NEW YORK (AP) – Mike Wallace, the hard-driving reporter who has been with “60 Minutes” since its start in 1968, said yesterday he will retire as a regular correspondent on the show this spring.
Wallace is a 1939 graduate of the University. Last month, he donated more than 150 linear feet of journalism history. The documents included notes, transcripts and research from his career in journalism.
A television news legend who was the last person an accused wrongdoer would want to see on his doorstep, Wallace said he’ll still do occasional reports for the show. CBS News President Sean McManus referred to him as a “correspondent emeritus.”
Wallace, 87, has often said he’ll retire “when my toes turn up.”
“Well, they’re just beginning to curl a trifle, which means that, as I approach my 88th birthday, it’s become apparent to me that my eyes and ears, among other appurtenances, aren’t quite what they used to be,” he said.
Wallace has said for years that he was cutting back, but he’s still done six reports in the current season, including a profile of actor Morgan Freeman and a story on soldiers who lost their limbs in Iraq. It was a significant step last fall when Wallace relinquished his position as the first face viewers saw after the ticking stopwatch on each show. Ed Bradley now has that distinction.
“The time has come,” he said. “I’d rather go this way than be shoved.”
He said he’s still working on getting several big interviews for the show – bet on Tuesday’s announcement helping his cause – and he’d like to do a few hour-long specials in the future. He’ll keep an office at the CBS News headquarters.
“It’s hard for all of us to get used to,” said Jeff Fager, “60 Minutes” executive producer. “It’s a sad day, but it’s also a chance to celebrate an incredible legacy and an amazing guy.”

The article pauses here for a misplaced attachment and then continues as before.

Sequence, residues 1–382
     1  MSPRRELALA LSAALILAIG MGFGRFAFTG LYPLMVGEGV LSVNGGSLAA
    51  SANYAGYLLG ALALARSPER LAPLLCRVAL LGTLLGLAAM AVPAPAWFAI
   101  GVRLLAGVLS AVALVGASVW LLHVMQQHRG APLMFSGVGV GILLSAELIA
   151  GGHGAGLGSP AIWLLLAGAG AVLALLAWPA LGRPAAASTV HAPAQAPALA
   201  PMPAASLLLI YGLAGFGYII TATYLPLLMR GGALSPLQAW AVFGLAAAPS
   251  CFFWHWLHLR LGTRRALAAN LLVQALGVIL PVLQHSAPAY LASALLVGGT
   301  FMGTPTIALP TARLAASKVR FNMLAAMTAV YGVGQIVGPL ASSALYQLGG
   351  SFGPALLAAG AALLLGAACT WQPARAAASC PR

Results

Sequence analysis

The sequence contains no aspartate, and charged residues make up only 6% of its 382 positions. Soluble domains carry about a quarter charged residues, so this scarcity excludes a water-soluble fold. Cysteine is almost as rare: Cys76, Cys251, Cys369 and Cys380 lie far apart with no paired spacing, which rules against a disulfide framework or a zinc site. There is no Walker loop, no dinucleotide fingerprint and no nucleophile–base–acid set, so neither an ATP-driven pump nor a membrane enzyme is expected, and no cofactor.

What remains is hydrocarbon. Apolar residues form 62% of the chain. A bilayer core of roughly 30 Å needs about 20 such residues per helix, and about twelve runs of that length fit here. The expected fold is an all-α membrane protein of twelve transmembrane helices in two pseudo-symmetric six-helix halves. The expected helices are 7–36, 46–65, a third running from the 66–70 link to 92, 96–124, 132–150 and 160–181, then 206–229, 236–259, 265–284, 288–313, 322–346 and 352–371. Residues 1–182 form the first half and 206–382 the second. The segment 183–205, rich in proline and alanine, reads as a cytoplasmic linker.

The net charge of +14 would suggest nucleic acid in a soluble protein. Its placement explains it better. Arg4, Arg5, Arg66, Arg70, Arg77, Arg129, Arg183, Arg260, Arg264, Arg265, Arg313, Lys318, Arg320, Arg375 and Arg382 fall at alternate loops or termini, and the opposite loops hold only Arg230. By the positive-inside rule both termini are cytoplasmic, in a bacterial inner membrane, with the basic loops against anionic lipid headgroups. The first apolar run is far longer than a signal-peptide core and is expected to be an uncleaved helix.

Even as age slowed him down, Wallace was still able to prod interview subjects in a style all his own. Fager remembered an interview with Russian President Vladimir Putin last year where Wallace said, “This isn’t a real democracy, come on!”
With founding executive producer Don Hewitt, Wallace helped invent the television newsmagazine; the Sunday-night staple was frequently TV’s top-rated show. Hewitt said Tuesday that Wallace will be remembered with Edward R. Murrow and Walter Cronkite as the three legends of CBS News.
Hewitt said he appreciated Wallace’s well-rounded ability to tell different stories, from Putin to Carol Burnett, from Tina Turner to Vladimir Horowitz. It was more than the caricature of a reporter chasing a reluctant subject down a dark street.
“It was showbiz baloney,” Hewitt said. “We did it for a long time. Finally, I said, ‘Hey, kid, maybe it’s time to retire that trenchcoat.'”
Wallace interviewed hundreds of newsmakers, including Deng Xiaoping, Ayatollah Khomeini, Yasir Arafat, King Hussein and Presidents Johnson, Nixon and Reagan. He interviewed John Nash, the academician who was the subject of the movie “A Beautiful Mind,” and arranged for Louis Farrakhan and the eldest daughter of Malcolm X to be interviewed together.
In 1998, Wallace aired a report which on videotape showed Dr. Jack Kevorkian injecting lethal drugs into a terminally ill man.
Some of his news subjects fought back. Retired Gen. William C. Westmoreland sued CBS for a Wallace report on the Vietnam War. Although the case was dropped after a long trial, Wallace said the case brought on a depression that put him in the hospital for more than a week.
Wallace also aired a report with tobacco company whistleblower Jeffrey Wigand in 1995 that became the subject of the movie “The Insider,” alleging CBS News caved to pressure from lawyers in delaying the report.
Wallace’s television career dates back to the late 1940s. He acquired his reputation as a tough interrogator with “Night Beat,” a local news show in New York that was a series of one-on-one interviews.
But he was also a game-show host and a commercial pitchman for cigarettes. He became a full-time newsman for CBS in 1963, saying the death of his 19-year-old son, Peter, in an accident made him decide to stick with serious journalism.
Late last year, Wallace, to promote his memoir, sat for an interview with his son, Chris Wallace, a Fox News Channel anchor. The son asked his father, “Do you hate getting old?”
“I had my hearing aid fixed today so that I could properly hear you,” the elder Wallace responded. “I can’t see as well. I now have – this has stopped me from smoking – a pacemaker, have for about the last 15 years. No, I don’t like getting old.”